Jocelyn Benson, Secretary of State of Michigan
Interview with Jocelyn Benson, an exemplary woman, who is the Secretary of State of our State of Michigan.
In 2020, Benson was at the center of efforts to ensure a safe election amid the COVID-19 outbreak. It was also the first major election in Michigan since voters passed a constitutional amendment in 2018 that allows for unexcused absentee voting.
She is a Democrat and an expert on election law, fighting misinformation surrounding the 2020 election, preparations for the 2024 presidential election, and efforts by Republicans in Michigan and elsewhere to enact new limits on voting.
Welcome Secretary of State, Jocelyn Benson. We appreciate this opportunity to share this interview with our readers.
1. We would like to know more about you, who is Jocelyn Benson?
I believe we should never allow limits – or fear – to define us. To that end I began my career investigating hate groups and hate crimes undercover in the deep South, where I was profoundly inspired to continue the work of those who’ve come before us to defend and protect our democracy. Throughout my career I’ve worked to try to defy preconceived notions of what is possible and live a meaningful life of service, standing up to bullies and advocating for justice and equity for all. My parents were special education teachers and being raised in a working-class suburb of Pittsburgh, Pennsylvania taught me the importance of ensuring everyone has a voice and a seat at the table. When I was 35, I was appointed Dean of Wayne State Law School, and became the youngest woman to lead an accredited top 100 law school in United States history. I live in Detroit and I’m also a long-distance runner, and have completed twenty-five full marathons around the world, including completing the Boston Marathon while more than 8 months pregnant.
2. How do you combat the misinformation that still surrounds the 2020 elections?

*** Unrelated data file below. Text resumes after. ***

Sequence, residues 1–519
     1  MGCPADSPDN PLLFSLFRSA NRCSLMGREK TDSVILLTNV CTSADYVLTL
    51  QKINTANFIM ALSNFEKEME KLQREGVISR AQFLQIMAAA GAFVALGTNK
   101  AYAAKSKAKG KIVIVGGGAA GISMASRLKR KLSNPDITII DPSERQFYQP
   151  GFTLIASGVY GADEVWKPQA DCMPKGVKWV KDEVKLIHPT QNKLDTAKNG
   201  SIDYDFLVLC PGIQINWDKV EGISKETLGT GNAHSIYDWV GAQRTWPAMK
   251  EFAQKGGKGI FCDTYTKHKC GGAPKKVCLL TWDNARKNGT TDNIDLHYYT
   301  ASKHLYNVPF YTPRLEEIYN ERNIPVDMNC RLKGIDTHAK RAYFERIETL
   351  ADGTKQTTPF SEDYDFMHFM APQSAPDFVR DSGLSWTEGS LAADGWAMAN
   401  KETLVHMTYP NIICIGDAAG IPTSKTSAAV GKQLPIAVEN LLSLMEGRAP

The best way to combat misinformation is for everyone, but particularly those in leadership and roles of authority, to tell the truth: the 2020 election was secure and an accurate reflection of the will of the voters. Facts and truth matter, and we’ve been using both to combat the proliferation of election untruths. But bad actors are not letting up – we all need to remain vigilant in ensuring their deceptions don’t go unchecked and for that, we need leaders to do the right thing and loudly and unequivocally state the truth.
We must also ensure that deliberate attempts to deceive citizens about the integrity of our elections or to circumvent the will of voters are called out for what they are, and those who start and spread those falsehoods are held accountable. Those with a platform that use it in this way shake the very foundation of this country – by ensuring they face consequences for their actions, we protect our democracy.
3. We had a historic turnout last year and now we see Republican legislators, pushing new voting limits. What’s behind it and what are the biggest dangers if these bills become law?
This is a national, coordinated and highly partisan attempt to change the rules of democracy and make it harder for people to vote because they are unhappy with the results of last year’s election. The fact is that the bills that are being advanced aren’t meant to increase election security, they’re meant to decrease voter turnout.
Our democracy works best when more people participate in it – that is how we ensure that our government is truly representative of and accountable to the people. Voting is a right, fought for by countless Americans over generations, and the reason people want suppress it is precisely because there is power in each person’s vote. Suppressing the vote is un-American and allowing this legislation to move forward could do lasting harm to our democracy. That is why we must fight back and defend democracy.
4. Undocumented immigrants have waited years for a law to be passed in order for them to obtain a license, we know that the Republicans will not approve this initiative, is there a different way as well as an executive order from the governor?
Though many take being able to get a license for granted, being barred from the privilege of having one deeply impacts an individual’s life and livelihood, holding them back from being able to participate in and contribute to their communities. That’s why my office has advocated to amend our state law to allow undocumented immigrants to apply for a license. I remain hopeful that with the aid of the governor and our partners in the Legislature, we will continue to keep this issue in the forefront and be able to extend licensing services.
5. What would be a message that you would give to Michigan women, so they could be influential in defending democratic rights?
This country has seen deep and inspiring change come about when leaders serve in furtherance of the ideals that our country was founded on – democracy, equality and opportunity have all. At the end of the day it is up to every one of us to stand together, and to use not only our individual voices, but the power of our collective voice, to fight for our rights and to show the generations to come what is possible when we work together.